First public meeting held on potential property tax increase

- "This was an emergency, I did not call up the storm, this was an emergency," says Mayor Sylvester Turner.

In the City of Houston, debris removal will cost $260 million in total. The government and state will reimburse 90 percent of the total expenses, costing the city $26 million after all.

The money will be used to pay for damaged or destroyed police, fire or city vehicles, equipment, road and bridge repair. As well as repairs to parks, libraries and city buildings.

The way the Mayor Turner suggests paying for everything is by proposing a temporary property tax increase.

What does that mean for homeowners:

If you own a home worth $100,000, you currently pay $586 in property taxes. If this passes, you would pay $608.

If you own a home worth $175,000, you currently pay $1,026. You would then pay $1,064.

If you own a home worth $225,000, you currently pay about $1,321. If it passes you would pay $1,369.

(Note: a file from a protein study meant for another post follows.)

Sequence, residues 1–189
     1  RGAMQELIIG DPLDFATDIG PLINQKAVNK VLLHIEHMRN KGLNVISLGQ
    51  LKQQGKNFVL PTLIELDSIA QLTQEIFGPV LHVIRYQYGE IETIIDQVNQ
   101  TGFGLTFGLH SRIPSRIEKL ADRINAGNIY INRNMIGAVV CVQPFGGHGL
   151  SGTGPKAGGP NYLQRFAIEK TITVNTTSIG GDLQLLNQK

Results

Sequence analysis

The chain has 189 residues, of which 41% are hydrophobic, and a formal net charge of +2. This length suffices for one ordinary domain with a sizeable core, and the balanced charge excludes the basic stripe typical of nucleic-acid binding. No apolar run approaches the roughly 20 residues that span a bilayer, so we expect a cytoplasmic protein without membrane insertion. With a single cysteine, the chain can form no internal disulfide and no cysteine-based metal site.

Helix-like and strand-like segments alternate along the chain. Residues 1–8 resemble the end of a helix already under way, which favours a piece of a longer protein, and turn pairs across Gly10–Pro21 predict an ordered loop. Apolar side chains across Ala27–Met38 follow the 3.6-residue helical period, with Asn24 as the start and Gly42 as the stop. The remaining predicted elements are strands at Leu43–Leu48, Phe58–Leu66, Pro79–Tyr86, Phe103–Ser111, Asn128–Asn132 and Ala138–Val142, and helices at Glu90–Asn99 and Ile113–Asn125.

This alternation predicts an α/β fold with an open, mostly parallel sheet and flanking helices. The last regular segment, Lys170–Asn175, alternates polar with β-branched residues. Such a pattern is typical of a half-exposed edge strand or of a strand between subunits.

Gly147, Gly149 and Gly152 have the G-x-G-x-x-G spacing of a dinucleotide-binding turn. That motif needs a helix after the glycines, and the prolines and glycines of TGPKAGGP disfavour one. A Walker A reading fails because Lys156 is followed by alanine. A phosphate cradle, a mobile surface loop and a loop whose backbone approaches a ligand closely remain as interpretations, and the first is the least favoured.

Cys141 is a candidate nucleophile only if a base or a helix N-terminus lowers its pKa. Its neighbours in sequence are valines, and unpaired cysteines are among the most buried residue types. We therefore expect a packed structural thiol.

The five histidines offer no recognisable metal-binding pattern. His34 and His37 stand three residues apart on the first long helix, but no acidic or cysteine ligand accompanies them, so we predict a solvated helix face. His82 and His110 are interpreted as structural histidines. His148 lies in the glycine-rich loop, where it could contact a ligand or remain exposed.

The proposed tax would increase the current rate $0.60 per every $100 of appraised value.

Senator Paul Bettencourt spoke saying he wasn't a fan of the idea. "I don't think we should be kicking Houstonian's when they are down," says Senator Bettencourt.

Several council members asked him to ask the state to potentially tap into its rainy day fund.

"It's a rainy day fund and it's pouring and we need to help," says councilman Jack Christie.

"One of the primary, if not the number one thing, I'm hearing from them and they ask me as a city council member is what about the rainy day fund," says councilwoman Amanda Edwards.

The next public hearing will be held October 2 in the council chambers at 6 p.m. The city council will vote on this on October 18.

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